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Career Overview: Music Teachers instruct elementary, junior high, or high school students in performance and music theory. They also lead various performance ensembles at the school, such as the marching band, choir, or orchestra.
Average Annual Earnings: $47,000
General Earnings Range: $30,000-$71,181
Become a Music Teacher
Keith Hancock is a GRAMMY Music Educator award-winning Choral Music Teacher at Tesoro High School in Rancho Santa Margarita, CA. He tells us, “A typical day involves arriving at 7:45 am and teaching three choir classes, which are 100 minutes each. Between the first two periods, there is a tutorial period where students can come in to get extra help. In each choir period, I am teaching the students vocal technique, music history, music theory, sight-singing, and the learning of repertoire. I lead each rehearsal from the piano. Between classes and after school, I am answering emails, working individually with students, filling out paperwork, and planning events for the choir.”
Music Teachers report to their school Principal and their school district’s Supervisor of Music. Depending on the size and hiring budget of their school, they may also work in the classroom with a Teaching Assistant or Teaching Intern who is on the way to earning his or her degree. Music Teachers can be found in both primary and secondary schools, where they also lead musical ensembles like the choir, orchestra, concert band, marching band, or jazz band, in addition to teaching class periods. Usually, there will be a greater diversity of ensemble options at the high school level than at the elementary or junior high level. Therefore, High School Music Teachers are more likely to work full-time than their counterparts in the lower grades, who may only come in on designated days to teach music.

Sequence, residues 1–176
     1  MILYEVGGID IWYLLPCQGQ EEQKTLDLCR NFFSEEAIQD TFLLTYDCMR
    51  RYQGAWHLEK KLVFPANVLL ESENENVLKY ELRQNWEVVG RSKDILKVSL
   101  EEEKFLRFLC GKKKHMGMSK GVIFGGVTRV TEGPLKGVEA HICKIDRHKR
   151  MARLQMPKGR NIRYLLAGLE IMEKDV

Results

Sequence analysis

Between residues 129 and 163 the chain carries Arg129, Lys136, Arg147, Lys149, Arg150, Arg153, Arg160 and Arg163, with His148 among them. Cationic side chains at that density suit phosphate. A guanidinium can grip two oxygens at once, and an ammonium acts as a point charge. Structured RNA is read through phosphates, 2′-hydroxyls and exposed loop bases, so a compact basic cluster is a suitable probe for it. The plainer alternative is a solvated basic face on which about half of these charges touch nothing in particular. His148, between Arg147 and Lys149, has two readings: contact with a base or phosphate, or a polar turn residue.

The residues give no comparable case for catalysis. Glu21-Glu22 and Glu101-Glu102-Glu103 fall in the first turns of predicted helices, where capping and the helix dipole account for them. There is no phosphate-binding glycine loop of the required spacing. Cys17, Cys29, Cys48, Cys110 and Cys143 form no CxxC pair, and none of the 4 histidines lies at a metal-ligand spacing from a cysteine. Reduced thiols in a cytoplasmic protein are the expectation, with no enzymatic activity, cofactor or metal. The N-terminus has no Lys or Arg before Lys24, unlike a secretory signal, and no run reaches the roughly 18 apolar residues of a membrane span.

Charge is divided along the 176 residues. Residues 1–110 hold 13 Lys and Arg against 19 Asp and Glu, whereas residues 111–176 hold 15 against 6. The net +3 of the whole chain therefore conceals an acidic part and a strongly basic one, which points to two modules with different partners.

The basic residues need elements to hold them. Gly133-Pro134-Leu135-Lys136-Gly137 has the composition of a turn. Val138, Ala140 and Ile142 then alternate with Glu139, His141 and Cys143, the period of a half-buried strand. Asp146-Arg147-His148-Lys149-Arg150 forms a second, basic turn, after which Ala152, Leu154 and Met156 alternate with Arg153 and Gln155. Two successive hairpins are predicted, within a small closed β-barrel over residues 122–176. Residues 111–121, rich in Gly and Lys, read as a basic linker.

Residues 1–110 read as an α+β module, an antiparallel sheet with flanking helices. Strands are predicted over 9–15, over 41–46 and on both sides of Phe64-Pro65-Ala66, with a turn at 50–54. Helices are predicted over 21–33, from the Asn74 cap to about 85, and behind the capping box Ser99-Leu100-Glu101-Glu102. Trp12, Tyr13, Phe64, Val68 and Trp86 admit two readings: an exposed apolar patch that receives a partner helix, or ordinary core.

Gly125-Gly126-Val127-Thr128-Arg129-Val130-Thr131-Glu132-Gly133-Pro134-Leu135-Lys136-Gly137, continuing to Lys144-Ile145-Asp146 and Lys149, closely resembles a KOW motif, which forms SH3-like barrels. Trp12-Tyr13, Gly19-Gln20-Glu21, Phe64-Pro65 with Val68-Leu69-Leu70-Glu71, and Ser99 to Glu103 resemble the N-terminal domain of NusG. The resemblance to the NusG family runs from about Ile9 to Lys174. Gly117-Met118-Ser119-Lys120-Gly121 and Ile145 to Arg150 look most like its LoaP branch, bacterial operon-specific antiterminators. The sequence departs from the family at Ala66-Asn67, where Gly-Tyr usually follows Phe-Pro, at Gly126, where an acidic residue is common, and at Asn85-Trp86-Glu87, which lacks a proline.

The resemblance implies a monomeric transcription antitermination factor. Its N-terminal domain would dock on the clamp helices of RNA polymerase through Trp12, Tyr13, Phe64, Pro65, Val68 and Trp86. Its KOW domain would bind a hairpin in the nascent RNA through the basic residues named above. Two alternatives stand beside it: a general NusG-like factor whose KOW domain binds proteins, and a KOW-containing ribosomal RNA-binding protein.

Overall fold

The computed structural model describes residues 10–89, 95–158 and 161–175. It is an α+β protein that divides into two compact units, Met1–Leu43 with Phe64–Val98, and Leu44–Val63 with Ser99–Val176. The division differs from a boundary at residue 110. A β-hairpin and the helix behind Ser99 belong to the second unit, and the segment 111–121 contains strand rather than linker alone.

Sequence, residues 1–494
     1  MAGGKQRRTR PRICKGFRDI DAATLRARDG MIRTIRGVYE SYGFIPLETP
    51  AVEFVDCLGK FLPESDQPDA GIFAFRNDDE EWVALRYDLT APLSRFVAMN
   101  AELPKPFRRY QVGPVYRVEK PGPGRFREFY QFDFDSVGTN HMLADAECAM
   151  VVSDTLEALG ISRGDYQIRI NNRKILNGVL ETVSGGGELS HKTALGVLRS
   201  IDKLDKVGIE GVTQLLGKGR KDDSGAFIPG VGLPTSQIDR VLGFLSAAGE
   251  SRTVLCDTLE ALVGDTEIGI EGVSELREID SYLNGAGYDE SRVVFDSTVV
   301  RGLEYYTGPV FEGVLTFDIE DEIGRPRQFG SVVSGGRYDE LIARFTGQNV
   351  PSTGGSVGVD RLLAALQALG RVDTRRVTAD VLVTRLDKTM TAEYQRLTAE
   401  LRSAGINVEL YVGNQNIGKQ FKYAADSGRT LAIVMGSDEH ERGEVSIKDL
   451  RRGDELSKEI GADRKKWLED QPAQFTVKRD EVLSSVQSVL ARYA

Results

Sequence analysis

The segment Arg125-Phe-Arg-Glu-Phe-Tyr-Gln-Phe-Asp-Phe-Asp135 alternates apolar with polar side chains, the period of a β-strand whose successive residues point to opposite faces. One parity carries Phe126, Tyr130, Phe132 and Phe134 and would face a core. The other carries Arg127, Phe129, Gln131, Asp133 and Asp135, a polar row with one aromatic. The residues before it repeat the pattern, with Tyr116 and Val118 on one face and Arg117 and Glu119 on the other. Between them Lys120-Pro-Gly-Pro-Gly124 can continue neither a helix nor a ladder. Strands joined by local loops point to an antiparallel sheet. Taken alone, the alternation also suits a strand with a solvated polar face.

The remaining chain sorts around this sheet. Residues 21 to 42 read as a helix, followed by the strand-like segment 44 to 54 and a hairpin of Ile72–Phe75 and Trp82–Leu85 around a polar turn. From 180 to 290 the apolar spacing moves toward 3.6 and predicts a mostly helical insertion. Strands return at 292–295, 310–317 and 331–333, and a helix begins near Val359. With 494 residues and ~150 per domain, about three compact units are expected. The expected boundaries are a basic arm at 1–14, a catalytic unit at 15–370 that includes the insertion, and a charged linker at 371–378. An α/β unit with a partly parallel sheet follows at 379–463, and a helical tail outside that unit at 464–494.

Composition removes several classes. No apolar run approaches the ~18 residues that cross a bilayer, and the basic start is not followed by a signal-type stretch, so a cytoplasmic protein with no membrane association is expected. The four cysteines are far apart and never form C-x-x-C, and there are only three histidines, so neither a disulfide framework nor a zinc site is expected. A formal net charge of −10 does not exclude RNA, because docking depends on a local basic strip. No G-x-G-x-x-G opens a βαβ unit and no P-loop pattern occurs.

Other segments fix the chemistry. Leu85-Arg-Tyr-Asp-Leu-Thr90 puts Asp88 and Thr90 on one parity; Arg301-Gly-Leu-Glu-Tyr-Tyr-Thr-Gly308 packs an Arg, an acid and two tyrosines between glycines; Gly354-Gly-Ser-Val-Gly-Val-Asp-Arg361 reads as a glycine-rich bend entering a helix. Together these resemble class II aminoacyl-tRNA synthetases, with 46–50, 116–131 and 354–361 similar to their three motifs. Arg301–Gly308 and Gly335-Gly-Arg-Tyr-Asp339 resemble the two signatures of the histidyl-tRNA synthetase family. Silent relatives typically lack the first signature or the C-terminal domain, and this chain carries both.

Many high schools have Choral, Band, and Orchestral Music Teachers on staff. While many of their job duties overlap, the demands will be slightly different based on which type of music they teach. Generally speaking, Teachers in these roles teach performance skills, improvising, reading music, and sometimes, composing.
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As part of their college coursework, aspiring Music Teachers begin their careers via teaching internships. They may also teach within their communities concurrent with their academic pursuits, perhaps as a community Choir Director or Private Instrument Teacher. Once they have received their state certification, they can apply to positions as a Teaching Assistant, Long-term Substitute Teacher, or a part-time or full-time Music Teacher. Assistant, Substitute, and part-time teaching roles are good preparation for a full-time career role, especially if these openings are difficult to find in the immediate area. Obviously, in this situation, advancement would mean landing a full-time teaching gig. For those who are already working as a full-time Teacher, advancement can mean moving to a school with a wealthier population, which would mean a salary bump. Other Teachers choose to move into administrative roles such as a District Supervisor of Music or a Music Curriculum Specialist.
Training & Education
“A classroom Music Teacher needs to get, at minimum, a Bachelor’s degree in Music Education and a Teaching Certification/Credential in Music. This process varies with each state’s requirements,” Hancock explains. Therefore, it makes sense to attend school in the state where you intend to teach. For example, colleges in California will be geared towards meeting California’s state teaching requirements, while a college in Kentucky may have differing requirements for teachers. Additionally, not all schools require the same level of academic credentials. Some may prefer candidates with Master’s degrees in addition their Music Education Bachelor’s.
Experience & Skills
“Having the ability to teach singing and play the piano is invaluable,” Hancock says. Piano skills are necessary for Instrumental Music Teachers, too, who are required to demonstrate keyboard proficiency in college. Band or Orchestra Teachers must also be able to demonstrate mastery of their principal instruments. “Other skills that aid in the process are repertoire selection, conducting skills, and interpersonal skills. The ability to lead a team, articulate goals, and do curriculum planning is a big benefit.” People skills and the ability to work with kids, teens, and young adults are, of course, paramount. Many of these skills can be learned during the teaching internship that’s required of Music Education majors.
For more on what it’s like to teach music, check out our blog.